Preparing for Passover

We are getting ready for Passover! The holiday begins on Friday, but preparations are moving full steam ahead.

During Passover, the Jewish community refrains from eating leaven and eat what is known as matzah during the eight day holiday, as Moses and the nation of Israel fled Egypt in haste, not having time for our bread to rise and so we eat unleavened bread as a reminder of our leaving Egypt in haste.

Matzah

Matzah (unleavened bread) is eaten during Passover

For seven days there shall be no leaven found in your houses; for whoever eats what is leavened, that person shall be cut off from the congregation of Israel, whether he is a foreigner or a native of the land. You shall not eat anything leavened; in all your dwellings you shall eat unleavened bread (Ex 12:19-20).

As the Jewish community prepares for Passover, each family removes leaven from the home and stores – especially in heavily Jewish areas remove leavened products from their shelves. Then, during a ceremony called Bedikat Chametz, immediately before the first night of Passover and the first Passover Seder, we conduct a final search for leaven throughout the house, gather it together and throws it all out or burn it, symbolizing the house is purified or kosher for Passover.

Paul uses this understanding of the Jewish practice as the background to his statement in1 Corinthians 5:6-8.

Your boasting is not good. Do you not know that a little leaven leavens the whole lump of dough? Clean out the old leaven so that you may be a new lump, just as you are in fact unleavened. For Messiah our Passover also has been sacrificed. Therefore let us celebrate the feast, not with old leaven, nor with the leaven of malice and wickedness, but with the unleavened bread of sincerity and truth.

The community of Corinth evidently demonstrated a tolerance for gross immorality. Paul compares sin to leaven and commands the congregation at Corinth to clean out the sin from their midst in the same way the Jewish community removes leaven from their homes during Passover. Just as leaven permeates an entire lump of dough, sinful behavior affects the entire life of an individual and congregation. If the congregation at Corinth did not deal with the wicked behavior in their midst, then this behavior would defile the entire community.

When my wife makes challah, the traditional Jewish Festival bread, she puts a small amount of yeast into the dough. This small amount of yeast makes the entire loaf of challah leavened. In the same way, sin affects the entire life of a person. We cannot compartmentalize our lives and isolate sin to a particular area. Sin in one area affects all areas of our lives. We deceive ourselves when we think the small or hidden sins in our lives will not creep it’s way into our entire soul. Even the small and hidden sins will permeate and corrode our entire being.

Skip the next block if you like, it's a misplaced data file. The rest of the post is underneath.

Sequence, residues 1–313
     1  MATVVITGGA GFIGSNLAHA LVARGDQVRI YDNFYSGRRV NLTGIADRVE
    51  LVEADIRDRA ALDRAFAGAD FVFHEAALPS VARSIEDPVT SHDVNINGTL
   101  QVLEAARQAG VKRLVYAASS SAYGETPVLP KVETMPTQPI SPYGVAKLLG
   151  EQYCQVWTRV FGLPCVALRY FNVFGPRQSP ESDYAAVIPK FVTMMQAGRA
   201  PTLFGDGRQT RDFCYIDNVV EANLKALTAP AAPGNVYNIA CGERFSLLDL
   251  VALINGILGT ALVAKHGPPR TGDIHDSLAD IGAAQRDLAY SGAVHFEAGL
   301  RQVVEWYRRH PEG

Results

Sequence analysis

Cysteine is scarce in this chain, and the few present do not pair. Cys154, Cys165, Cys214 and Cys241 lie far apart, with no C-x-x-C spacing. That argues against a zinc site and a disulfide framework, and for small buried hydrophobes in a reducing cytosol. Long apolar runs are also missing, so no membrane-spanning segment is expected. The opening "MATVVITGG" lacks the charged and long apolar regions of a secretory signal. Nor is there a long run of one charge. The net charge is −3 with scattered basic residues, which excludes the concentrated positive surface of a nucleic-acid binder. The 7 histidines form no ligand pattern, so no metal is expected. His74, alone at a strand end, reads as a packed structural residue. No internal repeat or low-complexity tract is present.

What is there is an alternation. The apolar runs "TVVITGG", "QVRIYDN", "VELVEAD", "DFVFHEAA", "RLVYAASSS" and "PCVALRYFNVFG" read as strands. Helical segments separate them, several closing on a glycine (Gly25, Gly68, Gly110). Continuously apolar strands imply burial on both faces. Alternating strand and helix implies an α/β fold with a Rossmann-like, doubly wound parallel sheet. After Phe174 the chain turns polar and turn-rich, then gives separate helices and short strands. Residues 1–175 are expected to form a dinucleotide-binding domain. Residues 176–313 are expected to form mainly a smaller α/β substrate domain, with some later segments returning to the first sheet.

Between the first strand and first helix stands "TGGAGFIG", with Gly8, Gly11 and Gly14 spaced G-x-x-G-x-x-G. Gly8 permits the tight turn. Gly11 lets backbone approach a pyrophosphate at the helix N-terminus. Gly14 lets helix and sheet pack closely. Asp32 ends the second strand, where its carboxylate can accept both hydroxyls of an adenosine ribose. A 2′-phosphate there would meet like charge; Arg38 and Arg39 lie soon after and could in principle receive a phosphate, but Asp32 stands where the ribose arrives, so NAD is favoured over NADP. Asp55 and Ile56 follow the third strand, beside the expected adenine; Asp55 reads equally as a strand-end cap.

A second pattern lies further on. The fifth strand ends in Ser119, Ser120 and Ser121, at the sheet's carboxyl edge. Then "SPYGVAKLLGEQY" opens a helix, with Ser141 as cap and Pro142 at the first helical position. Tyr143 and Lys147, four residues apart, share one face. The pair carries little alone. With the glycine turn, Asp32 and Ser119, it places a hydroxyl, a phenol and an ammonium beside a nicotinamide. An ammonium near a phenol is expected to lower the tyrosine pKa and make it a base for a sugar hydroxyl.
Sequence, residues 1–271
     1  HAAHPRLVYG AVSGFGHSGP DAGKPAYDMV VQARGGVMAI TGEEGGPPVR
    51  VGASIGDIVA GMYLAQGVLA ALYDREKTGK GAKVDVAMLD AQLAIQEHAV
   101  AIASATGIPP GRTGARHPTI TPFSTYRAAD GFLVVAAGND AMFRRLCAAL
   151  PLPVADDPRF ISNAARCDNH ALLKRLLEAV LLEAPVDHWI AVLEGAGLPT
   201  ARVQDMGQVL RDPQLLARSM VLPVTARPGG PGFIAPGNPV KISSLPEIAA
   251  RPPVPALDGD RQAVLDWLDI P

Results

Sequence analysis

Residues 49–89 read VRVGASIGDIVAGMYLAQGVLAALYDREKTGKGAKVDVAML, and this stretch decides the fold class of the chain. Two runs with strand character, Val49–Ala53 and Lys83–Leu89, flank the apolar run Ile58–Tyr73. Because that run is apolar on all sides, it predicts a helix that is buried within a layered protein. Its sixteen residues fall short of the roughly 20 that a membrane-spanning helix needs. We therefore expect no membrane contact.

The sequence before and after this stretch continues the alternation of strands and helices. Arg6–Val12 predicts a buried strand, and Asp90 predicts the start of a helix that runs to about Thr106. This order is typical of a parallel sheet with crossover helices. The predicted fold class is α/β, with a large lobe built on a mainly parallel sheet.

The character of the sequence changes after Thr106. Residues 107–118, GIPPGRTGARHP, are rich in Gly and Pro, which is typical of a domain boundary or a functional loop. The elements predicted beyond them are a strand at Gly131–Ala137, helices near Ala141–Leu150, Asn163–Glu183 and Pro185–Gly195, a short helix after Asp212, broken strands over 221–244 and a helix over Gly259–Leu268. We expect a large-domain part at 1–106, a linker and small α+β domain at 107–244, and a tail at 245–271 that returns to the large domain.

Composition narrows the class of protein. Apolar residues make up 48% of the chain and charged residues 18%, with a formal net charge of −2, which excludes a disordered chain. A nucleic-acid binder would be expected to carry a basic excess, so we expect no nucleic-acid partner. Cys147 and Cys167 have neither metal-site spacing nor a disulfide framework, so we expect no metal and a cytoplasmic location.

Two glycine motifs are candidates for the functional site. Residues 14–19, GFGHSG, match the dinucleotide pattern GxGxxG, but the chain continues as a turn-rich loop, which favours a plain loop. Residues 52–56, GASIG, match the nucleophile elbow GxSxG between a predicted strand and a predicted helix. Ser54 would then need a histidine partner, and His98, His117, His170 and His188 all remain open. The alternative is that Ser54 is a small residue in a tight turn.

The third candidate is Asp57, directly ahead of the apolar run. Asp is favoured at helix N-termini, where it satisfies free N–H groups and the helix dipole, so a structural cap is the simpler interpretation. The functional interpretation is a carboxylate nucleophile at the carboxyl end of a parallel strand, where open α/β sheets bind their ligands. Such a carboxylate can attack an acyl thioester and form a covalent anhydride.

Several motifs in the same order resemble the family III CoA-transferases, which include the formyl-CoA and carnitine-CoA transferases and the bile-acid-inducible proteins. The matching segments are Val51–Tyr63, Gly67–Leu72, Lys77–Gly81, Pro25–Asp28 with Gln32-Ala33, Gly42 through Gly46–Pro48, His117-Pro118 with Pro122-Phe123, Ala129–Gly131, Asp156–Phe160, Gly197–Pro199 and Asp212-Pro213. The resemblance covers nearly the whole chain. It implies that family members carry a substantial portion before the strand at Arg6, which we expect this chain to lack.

When I kept silent about my sin, my body wasted away Through my groaning all day long.

For day and night Your hand was heavy upon me; My vitality was drained away as with the fever heat of summer. Selah. I acknowledged my sin to You, And my iniquity I did not hide;

I said, I will confess my transgressions to the Lord”; And You forgave the guilt of my sin. (Psalm 32:3-5)

Therefore, we should pursue righteousness, since our Messiah has removed the chametz, leaven, from our lives. Rabbi Saul (the Apostle Paul) describes those with leavened lives as depraved and wicked, but reminds his readers that those who are pure in motives and upright in character behave as if they are without leaven. The person free from leaven does not have a hidden or secret life. The preparation for Passover reminds us of the unrighteous behaviors we tolerate in our lives. If we tolerate immoral thoughts or actions, they will begin to affect our spiritual lives and ultimately destroy our soul.

We only deceive ourselves if we think that what we look at on the Internet, watch on television or do when others are not watching will not have any affect upon our spiritual life. We simply cannot behave badly towards our spouse or children, be dishonest in business or mean to at work if we are serious about honoring God. If we are going to have a healthy spiritual life we cannot tolerate our hidden and secret sins…the ones we only we know about, as the Lord knows them too1

In the spirit of Passover, let’s remove sin from our lives, so that we are kosher for Passover and can experience the joy that only godly obedience, in light of the redemption we have through Yeshua, can bring to our souls.

Mark the blameless man, and behold the upright; For the man of peace will have a posterity. But transgressors will be altogether destroyed; The posterity of the wicked will be cut off.(Psalm 37:37-38)

For more on Passover click on http://tinyurl.com/no7r8l8

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1 Comment

Filed under Jewish Holidays, Jews and Christians, Judaism, Messianic Jewish, Passover

One response to “Preparing for Passover

  1. Wonderful reminder! I am printing this to read during our family seder. Thank you!

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